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1904 - 1906
Frank LloydWright  
Stati Uniti [United States] Buffalo
Romanticism to Ruin: Two Lost Works of Sullivan and Wright, Chicago, Wrightwood 659, 24 september / 27 november 2021

Wrightwood 659 presents Romanticism to Ruin: Two Lost Works of Sullivan and Wright, a dual exhibition exploring two of these architects’ long-demolished masterpieces: Louis H. Sullivan’s innovative Garrick Theater, in Chicago, which stood for only sixty-nine years, and Frank Lloyd Wright’s unprecedented Larkin Building, in Buffalo, NY, which stood for just forty-four.

The exhibition comprises two distinct presentations—Reconstructing the Garrick: Adler & Sullivan’s Lost Masterpiece and Reimagining the Larkin: Frank Lloyd Wright’s Modern Icon— conjuring the essence of these two icons of modern American architecture. With 3D models and digital recreations of the original edifices; salvaged architectural ornaments and artifacts; original furniture; historical documentation of the design, construction, and demise of the buildings; archival photographs taken by noted preservationist and photographer Richard Nickel; drawings, and historical ephemera, Romanticism to Ruin explores what made each building architecturally great and expressive of its era.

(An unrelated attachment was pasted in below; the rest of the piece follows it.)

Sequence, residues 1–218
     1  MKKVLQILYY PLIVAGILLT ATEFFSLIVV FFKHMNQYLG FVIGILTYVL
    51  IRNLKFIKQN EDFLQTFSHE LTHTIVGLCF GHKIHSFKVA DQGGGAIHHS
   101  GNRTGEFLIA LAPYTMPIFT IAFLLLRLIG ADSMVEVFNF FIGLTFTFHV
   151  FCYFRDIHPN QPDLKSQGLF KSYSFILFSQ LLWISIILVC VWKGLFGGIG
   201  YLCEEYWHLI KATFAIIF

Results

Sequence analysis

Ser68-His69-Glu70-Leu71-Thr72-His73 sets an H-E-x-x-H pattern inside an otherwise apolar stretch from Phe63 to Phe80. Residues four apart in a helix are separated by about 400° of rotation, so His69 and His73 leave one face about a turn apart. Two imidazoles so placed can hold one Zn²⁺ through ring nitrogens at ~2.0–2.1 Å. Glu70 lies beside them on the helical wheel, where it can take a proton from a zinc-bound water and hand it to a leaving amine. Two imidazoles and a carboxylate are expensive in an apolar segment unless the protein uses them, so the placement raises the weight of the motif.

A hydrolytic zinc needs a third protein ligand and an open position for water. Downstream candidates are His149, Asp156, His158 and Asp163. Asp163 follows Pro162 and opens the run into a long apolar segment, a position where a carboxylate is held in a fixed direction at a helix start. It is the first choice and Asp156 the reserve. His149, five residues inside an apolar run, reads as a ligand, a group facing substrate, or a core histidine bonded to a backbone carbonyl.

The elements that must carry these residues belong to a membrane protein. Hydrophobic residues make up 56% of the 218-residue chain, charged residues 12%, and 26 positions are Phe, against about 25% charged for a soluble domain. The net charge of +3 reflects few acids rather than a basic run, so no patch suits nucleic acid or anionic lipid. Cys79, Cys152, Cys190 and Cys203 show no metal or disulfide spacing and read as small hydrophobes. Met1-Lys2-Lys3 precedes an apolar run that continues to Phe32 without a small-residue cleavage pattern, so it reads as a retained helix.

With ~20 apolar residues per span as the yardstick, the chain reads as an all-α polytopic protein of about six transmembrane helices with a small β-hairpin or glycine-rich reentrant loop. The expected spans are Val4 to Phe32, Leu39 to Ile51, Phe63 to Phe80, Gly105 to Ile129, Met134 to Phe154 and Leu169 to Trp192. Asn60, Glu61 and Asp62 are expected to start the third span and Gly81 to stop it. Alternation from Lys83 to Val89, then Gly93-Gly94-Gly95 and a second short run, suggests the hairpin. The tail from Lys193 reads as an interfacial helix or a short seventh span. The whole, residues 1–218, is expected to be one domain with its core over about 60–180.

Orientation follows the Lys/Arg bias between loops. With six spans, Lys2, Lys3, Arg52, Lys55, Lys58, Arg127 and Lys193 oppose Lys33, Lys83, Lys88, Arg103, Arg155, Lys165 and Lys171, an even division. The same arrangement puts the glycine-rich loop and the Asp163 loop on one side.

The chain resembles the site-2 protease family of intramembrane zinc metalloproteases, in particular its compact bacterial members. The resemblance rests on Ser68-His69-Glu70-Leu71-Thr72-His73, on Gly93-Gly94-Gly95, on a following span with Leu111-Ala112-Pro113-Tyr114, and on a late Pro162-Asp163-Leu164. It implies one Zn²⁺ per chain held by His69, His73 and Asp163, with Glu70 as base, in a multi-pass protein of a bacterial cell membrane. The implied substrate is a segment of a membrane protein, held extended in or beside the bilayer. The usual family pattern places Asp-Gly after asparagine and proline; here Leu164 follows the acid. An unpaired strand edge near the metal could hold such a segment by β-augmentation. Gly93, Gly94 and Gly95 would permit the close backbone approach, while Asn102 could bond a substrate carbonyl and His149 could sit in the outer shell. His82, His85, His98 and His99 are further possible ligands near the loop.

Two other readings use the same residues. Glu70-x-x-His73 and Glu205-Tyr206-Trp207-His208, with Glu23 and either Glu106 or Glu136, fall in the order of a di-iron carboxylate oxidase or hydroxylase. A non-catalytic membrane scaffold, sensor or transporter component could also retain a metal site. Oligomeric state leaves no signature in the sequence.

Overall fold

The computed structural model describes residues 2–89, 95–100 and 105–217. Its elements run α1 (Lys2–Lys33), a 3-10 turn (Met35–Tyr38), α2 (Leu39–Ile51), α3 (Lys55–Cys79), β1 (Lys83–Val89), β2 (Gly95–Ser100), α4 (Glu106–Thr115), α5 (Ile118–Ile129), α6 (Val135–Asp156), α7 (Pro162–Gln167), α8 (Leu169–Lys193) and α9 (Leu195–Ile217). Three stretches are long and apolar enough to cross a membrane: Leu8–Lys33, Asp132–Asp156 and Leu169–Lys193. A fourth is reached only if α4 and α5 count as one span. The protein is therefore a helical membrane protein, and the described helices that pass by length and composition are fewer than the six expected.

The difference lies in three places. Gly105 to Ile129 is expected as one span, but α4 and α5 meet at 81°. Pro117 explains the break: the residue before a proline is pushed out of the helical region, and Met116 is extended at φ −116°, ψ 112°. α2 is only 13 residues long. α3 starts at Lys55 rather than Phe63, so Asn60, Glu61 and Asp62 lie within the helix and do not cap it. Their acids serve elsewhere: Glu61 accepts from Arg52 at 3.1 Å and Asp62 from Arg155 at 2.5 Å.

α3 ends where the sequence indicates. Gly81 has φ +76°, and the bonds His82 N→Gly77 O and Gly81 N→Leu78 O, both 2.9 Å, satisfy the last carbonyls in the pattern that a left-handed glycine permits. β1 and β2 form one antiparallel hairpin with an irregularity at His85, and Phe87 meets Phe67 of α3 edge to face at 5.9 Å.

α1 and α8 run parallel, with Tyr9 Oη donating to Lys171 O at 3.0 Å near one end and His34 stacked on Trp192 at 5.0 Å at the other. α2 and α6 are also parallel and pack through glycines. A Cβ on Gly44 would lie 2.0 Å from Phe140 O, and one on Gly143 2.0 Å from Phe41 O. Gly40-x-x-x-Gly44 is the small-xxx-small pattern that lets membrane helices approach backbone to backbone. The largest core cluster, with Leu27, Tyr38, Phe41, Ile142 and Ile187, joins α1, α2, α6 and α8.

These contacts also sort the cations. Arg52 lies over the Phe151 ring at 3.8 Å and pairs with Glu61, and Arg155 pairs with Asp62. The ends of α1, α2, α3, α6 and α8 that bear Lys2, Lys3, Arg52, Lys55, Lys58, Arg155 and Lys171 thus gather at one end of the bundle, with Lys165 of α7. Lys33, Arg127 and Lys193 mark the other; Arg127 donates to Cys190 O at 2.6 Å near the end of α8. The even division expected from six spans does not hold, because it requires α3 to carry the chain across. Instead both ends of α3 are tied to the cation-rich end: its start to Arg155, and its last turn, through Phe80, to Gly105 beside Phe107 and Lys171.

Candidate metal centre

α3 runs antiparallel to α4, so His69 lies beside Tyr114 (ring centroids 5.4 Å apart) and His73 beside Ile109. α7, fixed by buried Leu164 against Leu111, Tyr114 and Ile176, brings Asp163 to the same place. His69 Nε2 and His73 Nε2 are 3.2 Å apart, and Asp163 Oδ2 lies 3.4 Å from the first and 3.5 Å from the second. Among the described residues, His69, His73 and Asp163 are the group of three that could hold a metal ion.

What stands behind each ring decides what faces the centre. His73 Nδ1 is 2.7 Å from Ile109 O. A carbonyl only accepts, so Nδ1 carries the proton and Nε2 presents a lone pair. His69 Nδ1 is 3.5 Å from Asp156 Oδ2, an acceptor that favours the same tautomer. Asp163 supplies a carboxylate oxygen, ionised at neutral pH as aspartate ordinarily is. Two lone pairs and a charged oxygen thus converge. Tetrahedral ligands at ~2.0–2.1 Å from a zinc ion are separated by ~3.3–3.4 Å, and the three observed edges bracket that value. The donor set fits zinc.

1953 - 1960
GioPonti  AntonioFornaroli  AlbertoRosselli  GiuseppeValtolina  EgidioDell'Orto  Pier LuigiNervi  
Italia Milano
Storie del Grattacielo. I 60 anni del Pirellone tra cultura industriale e attività istituzionali di Regione Lombardia, Milano (Italy), Grattacielo Pirelli (Regione Lombardia), 30 june / 30 november 2021
1956 - 1959
Frank LloydWright  
Stati Uniti [United States] Elkins Park